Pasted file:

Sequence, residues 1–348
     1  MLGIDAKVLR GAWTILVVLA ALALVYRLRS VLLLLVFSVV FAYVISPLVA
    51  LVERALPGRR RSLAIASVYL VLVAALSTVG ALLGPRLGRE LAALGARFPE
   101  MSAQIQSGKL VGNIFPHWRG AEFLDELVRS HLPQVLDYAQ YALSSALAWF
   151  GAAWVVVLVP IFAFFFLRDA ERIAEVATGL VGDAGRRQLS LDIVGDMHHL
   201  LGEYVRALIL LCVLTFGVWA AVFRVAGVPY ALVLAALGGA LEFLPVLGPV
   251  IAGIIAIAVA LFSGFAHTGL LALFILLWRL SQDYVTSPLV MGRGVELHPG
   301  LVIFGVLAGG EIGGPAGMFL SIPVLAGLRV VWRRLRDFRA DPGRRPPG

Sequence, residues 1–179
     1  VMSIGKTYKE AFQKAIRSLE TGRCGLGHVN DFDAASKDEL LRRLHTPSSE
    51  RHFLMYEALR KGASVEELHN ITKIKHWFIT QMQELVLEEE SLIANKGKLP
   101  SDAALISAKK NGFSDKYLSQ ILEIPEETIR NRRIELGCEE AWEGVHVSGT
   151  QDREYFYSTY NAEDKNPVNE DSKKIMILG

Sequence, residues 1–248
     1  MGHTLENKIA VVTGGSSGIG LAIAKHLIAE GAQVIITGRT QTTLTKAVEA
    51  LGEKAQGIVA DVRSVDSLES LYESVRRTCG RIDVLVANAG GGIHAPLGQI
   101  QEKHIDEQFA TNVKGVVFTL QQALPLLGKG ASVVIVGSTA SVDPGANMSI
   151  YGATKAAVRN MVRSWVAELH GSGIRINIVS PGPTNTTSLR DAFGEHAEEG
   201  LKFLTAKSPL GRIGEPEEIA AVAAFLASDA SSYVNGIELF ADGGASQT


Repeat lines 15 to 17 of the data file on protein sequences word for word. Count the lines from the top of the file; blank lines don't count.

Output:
     1  MGHTLENKIA VVTGGSSGIG LAIAKHLIAE GAQVIITGRT QTTLTKAVEA
    51  LGEKAQGIVA DVRSVDSLES LYESVRRTCG RIDVLVANAG GGIHAPLGQI
   101  QEKHIDEQFA TNVKGVVFTL QQALPLLGKG ASVVIVGSTA SVDPGANMSI